Yesterday, our family made a trip out to Walmart.

We don’t usually shop there, but my wife needed to pick up some supplies that we were pretty sure we could only get there.

While we were leaving the fabric section, an employee engaged me in a game of “cross-race blindness.” Our conversation went something like this:

Employee: Hey, Jackie Chan!

Me: (Blank stare)

Employee: Oh… didn’t I see you last week?  Remember when I told you that you looked just like Jackie Chan?

Me: No, that was someone else. I wasn’t here last week.

Employee: Oh… but you look just like Jackie Chan, too! Right?!

Me: No, I don’t. Not at all.

As we left the area, I could see the employee give another employee an astonished look, as if she couldn’t believe that I could not see my own striking resemblance to Jackie Chan.

A few preliminary remarks:

  • I don’t think this was blatant racism; more due to ignorance and probable lack of exposure to Asian and Asian American people.
  • In the grand scheme of things, I don’t consider things like this a big deal.
  • What’s far more important to me, especially since our daughter was with us, is how I choose to respond in these kinds of situations which, unfortunately, will probably be an ongoing reality throughout her life.
  • Even if IMDB thinks so, all Asian people do not look alike. Let me assure you, I look nothing like Jackie Chan. I mean, I could see someone making the mistake if they saw my crazy wall-climbing abilities, but other than that..  ;)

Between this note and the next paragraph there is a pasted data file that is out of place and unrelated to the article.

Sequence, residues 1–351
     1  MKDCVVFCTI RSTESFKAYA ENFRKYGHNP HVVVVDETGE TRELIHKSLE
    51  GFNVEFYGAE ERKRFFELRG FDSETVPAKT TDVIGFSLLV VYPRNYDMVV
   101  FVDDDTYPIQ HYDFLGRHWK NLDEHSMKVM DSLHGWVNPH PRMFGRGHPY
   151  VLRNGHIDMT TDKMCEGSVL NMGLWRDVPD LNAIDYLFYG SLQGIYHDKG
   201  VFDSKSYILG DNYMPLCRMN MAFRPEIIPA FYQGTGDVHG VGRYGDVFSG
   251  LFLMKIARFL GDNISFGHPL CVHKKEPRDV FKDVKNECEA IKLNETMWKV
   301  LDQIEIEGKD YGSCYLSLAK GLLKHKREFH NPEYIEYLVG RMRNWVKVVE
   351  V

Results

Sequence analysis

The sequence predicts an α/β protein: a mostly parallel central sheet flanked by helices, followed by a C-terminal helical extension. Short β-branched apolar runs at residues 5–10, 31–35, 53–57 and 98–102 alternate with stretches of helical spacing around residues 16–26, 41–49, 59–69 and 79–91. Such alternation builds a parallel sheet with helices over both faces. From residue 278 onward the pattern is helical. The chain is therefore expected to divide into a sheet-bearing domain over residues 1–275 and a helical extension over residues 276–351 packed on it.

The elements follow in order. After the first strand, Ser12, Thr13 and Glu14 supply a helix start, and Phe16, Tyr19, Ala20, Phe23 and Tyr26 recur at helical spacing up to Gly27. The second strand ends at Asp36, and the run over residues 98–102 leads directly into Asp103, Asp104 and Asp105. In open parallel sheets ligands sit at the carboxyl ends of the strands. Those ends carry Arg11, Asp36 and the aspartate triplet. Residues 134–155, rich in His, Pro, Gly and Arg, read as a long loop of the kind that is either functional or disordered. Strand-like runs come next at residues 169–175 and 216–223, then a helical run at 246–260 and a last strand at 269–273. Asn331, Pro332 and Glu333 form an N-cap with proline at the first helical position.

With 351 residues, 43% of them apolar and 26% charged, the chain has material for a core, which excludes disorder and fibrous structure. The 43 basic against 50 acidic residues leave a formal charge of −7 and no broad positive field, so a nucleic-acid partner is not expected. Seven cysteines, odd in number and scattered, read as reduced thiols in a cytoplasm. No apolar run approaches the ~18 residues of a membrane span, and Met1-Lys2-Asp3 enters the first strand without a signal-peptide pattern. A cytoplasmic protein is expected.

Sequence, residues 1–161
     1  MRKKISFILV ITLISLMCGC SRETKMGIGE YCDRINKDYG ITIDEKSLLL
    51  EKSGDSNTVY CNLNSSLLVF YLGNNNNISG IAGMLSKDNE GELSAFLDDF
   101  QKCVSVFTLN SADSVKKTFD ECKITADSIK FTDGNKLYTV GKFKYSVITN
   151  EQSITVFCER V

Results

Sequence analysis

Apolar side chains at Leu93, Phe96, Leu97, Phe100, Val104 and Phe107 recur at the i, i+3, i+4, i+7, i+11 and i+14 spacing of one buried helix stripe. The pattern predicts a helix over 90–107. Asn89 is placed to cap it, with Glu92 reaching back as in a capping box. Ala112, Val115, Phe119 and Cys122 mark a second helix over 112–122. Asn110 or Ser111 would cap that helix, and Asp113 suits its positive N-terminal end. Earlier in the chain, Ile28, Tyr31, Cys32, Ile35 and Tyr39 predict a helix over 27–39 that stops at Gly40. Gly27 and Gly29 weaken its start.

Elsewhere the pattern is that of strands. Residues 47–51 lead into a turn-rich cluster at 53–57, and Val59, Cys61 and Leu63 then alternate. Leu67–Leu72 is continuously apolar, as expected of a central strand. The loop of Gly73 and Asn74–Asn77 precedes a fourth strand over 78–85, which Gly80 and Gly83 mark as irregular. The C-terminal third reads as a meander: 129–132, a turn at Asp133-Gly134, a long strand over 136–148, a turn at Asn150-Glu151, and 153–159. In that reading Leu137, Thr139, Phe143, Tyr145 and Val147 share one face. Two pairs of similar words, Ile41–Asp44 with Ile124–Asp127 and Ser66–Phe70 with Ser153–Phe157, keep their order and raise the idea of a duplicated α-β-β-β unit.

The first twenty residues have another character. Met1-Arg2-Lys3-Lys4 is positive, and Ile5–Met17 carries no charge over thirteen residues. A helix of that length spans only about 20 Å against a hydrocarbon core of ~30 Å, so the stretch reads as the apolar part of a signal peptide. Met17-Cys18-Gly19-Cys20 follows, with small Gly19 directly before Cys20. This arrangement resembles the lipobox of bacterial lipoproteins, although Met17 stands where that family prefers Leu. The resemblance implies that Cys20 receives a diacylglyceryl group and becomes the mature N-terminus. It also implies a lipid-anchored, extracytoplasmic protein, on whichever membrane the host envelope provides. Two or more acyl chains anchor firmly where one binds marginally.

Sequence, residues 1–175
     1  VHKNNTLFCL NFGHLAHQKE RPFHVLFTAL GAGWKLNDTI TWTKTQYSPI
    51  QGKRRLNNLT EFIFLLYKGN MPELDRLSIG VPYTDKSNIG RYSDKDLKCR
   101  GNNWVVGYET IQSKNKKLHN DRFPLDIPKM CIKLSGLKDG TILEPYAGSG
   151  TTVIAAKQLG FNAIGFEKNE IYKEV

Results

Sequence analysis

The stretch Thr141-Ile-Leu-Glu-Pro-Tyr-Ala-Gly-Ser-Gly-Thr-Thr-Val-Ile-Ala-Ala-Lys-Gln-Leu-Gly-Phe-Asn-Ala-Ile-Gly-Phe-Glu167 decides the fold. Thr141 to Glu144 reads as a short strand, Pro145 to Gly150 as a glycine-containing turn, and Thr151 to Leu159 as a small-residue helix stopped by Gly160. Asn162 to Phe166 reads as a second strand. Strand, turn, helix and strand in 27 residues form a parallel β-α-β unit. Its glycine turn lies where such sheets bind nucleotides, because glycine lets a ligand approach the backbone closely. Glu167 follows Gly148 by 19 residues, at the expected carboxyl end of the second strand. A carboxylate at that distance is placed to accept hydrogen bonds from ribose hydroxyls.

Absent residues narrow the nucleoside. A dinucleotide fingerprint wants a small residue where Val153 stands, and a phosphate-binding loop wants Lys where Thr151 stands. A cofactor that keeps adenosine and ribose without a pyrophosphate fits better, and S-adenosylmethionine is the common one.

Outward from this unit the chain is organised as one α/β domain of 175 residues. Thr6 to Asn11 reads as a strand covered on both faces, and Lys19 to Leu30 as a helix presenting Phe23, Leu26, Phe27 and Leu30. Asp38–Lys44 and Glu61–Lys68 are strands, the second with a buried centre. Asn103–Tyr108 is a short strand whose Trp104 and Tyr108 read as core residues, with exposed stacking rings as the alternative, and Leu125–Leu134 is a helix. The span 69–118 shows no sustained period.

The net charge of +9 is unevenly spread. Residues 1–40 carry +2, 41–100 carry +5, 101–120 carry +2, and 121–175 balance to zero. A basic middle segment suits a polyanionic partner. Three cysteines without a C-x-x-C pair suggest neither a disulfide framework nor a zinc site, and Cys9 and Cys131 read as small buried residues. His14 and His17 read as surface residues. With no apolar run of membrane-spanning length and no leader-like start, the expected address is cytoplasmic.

The Third Way

For me, this is a chance to practice the third way Jesus makes possible to His followers. Rather than fight (meeting ignorance and/or racism with anger) or flight (allowing the Asian in me who wants to keep the peace to simply say nothing), Jesus presents a completely different way altogether.

I hope it’s a sign of my growth in loving & following Christ that I genuinely didn’t feel anger in this situation. Maybe it’s because I kind of expect racism at Walmart (let me tell you about the time I went to the Walmart in Tennessee!), but I’m hoping my commitment to living out reconciliation and demonstrating the reality of the Kingdom is slowly changing who I am and kept my blood pressure low.


You May Ask Yourself

In these situations, I usually ask myself a series of questions:

  • Is it worth it to engage this person? Do I see a positive outcome from engaging?
  • Could this person be educated? Is it just well-intentioned ignorance that can be changed?
  • Do I have a relationship with this person? Would this serve the cause of reconciliation?
  • How can I address the ignorance in way that makes it clear it’s wrong, without escalating tension unnecessarily?

In yesterday’s exchange, I wanted my daughter to see that we can be strong and handle ignorance directly (e.g., “No, all Asian American people do not look the same.”) but without allowing the other person to provoke us into anger.


The Way of Love

It was strangely appropriate that this happened to me on MLK Jr. Day.

His words still carry profound resonance for us today, “Darkness cannot drive out darkness; only light can do that. Hate cannot drive out hate; only love can do that.”

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